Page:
Up@dawn 2.0

Tuesday, February 7, 2012

Group 3: On Becoming a Heretic

In his essay, Edwin Curley, breaks down some pretty generic, and widely accepted tenants of Christianity. i know, i know.....you're all going to say that all people don't HAVE to believe the same things and people interpret scripture differently....blah, blah, blah. However; the themes that he breaks down are :original sin, the need for personal salvation, the problem of evil and free will, and eternal reward or eternal punishment. i think anyone that is not trying to confuse the issue would agree that these are widely accepted pillars in moderate christian theology across the board. he touches on predestination but this is not as big a hit these days. Curley believes that the Christians who hold the scripture as having unchallenged authority have more squares to circle, but also have more real estate atop the moral high ground. If there is no way to validate what parts of scripture is binding and which are not, then the good hearted cherry picked morality of thoughtful believers cant be supported with the same veracity as the fundamentalist whack jobs can. I totally agree. Either God occasionally writes books.....or he doesn't. Do thoughtful Christians have an equal claim to call themselves Christians as the fundamentalists do when they consciously reject, or at the very least neglect, the portions that don't suit their innate sense of fairness, justice, and decency?
Fact Q: In Dostoevsky's novel, The Brothers Karamazov, what is Ivan's maxim?
A: If there is no god, then anything is permitted.


  1. "If you were to destroy in mankind the belief in immortality, not only love but every living force maintaining the life of the world would at once be dried up. Moreover, nothing then would be immoral; everything would be lawful, even cannibalism."


  2. This comment has been removed by the author.

  3. i should clarrify my question a bit. when a believer rejects portions of scripture (the words of an infalible creator), and common traditions (begun by the founding members of the faith, religioius scholars, as well as thoughtful religious philosophers), in order to make the religion fit their own moral intuitions; are they not already good without god? they are patchworking a moral code unique to them personally. they are using the guidline of scripture and tradition, but ommiting as they see fit. This represents the removal of devine authority where morality is concerned even among the religous. At any rate it rases doubts about god's clame to devine omniscience.....or devine common sence.

    1. Yes. This very phenomena is a direct indictment of divine authority.

      Further, even if there were a divine moral authority, Dostoevsky's argument still doesn't hold. "If there is no god, everything is permitted." That's not true because we, as a civilized society, won't permit everything.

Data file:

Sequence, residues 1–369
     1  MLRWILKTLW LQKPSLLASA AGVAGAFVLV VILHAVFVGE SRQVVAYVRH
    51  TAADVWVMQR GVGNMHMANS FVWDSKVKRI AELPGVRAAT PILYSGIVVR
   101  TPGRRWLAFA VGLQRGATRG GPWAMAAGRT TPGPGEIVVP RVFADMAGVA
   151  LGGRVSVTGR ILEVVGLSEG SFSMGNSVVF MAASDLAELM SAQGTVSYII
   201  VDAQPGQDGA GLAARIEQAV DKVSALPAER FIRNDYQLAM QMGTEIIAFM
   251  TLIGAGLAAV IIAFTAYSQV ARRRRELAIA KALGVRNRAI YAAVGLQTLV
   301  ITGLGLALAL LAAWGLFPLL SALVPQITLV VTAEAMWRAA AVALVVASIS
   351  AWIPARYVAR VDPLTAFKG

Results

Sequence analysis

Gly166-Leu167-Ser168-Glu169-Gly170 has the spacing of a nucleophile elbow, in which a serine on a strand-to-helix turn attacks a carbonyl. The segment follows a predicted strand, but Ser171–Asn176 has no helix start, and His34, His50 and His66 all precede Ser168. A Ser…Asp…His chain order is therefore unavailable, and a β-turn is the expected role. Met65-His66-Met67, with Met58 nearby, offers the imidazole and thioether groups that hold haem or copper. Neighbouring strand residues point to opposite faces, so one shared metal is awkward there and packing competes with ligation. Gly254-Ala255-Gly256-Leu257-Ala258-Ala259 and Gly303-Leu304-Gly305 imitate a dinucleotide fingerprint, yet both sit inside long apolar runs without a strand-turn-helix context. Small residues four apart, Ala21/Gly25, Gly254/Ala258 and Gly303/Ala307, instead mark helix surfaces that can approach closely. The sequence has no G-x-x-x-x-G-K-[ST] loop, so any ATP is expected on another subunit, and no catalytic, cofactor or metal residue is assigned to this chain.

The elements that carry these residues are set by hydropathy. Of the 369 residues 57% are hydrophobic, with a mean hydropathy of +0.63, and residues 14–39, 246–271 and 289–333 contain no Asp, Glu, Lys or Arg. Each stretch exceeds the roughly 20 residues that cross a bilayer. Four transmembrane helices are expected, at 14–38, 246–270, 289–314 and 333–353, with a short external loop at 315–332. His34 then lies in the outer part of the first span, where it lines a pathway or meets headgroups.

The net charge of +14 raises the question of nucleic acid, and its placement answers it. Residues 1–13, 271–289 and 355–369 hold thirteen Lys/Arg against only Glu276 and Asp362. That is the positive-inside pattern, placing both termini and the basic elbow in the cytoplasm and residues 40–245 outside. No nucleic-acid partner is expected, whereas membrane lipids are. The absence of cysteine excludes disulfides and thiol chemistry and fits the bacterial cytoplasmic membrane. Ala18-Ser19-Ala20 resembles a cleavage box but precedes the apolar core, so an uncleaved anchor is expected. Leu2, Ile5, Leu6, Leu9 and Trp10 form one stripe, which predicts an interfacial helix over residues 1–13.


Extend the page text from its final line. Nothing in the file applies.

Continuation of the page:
What's to keep society from making laws and precepts concerning proper social behavior even if there is a god commanding believers to kill non-believers. Nothing. Same as it is now--nothing. We're already doing that now in spite of religion.

      Rather than deferring to "God says it" we just say "a reasonable and just society says it." All that missing is the eternal damnation, thought crime and 10% of your paycheck.

    2. I think 15% is only for really bad thought crime--pay to play, if you will. ;)

  4. "Do thoughtful Christians have an equal claim to call themselves Christians as the fundamentalists do when they consciously reject, or at the very least neglect, the portions that don't suit their innate sense of fairness, justice, and decency?"

    I would basically argue yes. My research into the philosophical/linguistic thought around this hermeneutic issue has led to what I think is a cogent argument that the "fundamentalists" and "cherry-pickin' liberals" are BOTH taking part in the same unavoidable process of self-filtering the texts, the liberals are just doing so with self-awareness.

  5. And more power to them. I hope they (and you) enjoy immense success in making religion a more thoughtful and self-aware proposition.

  6. I once, when waiting tables in Mississippi had a large party of Pentacostals come in on a Sunday night. Still fevered from the fire and brimstone, I guess, they were loudly discussing the day's sermons or hairstyles or the latest in jean skirt fashions, I presume.

    Point of the story; which I was reminded by the tithing confusion, is that we, as a restaurant, had a policy of adding an automatic 15 percent gratuity to larger parties. This was a group of about 14 people, so it qualified. When I went to give the check to the gentleman at the table, he looked at it, and told me he could not abide the gratuity. I asked, "Well, was everything ok? Was there a problem with the service? Because 15 percent is merely etiquette." His response was, "I only give God 10 percent."

    I've been waiting tables, bartending, and/or managing bars and restaurants since I was 15 years old, and I will NEVER forget this little morsel. The strangest thing was that a lady from that same group scolded me for working on a Sunday?! I don't remember our exact exchange, as they were leaving when she said it, and I was livid that I had stayed an hour longer than I should have for a 8 dollar tip on a 200 dollar bill, but it was something to the effect of keeping the Sabbath holy.

    Holy? Coming into Chesterfield's and ordering waters and salads for 14 people, making a huge mess, and stiffing the waiter.... That was unholy.

    Just a little religious anecdote from the archives of my jaded mind. Finally got my browser issues fixed (knock on plastic).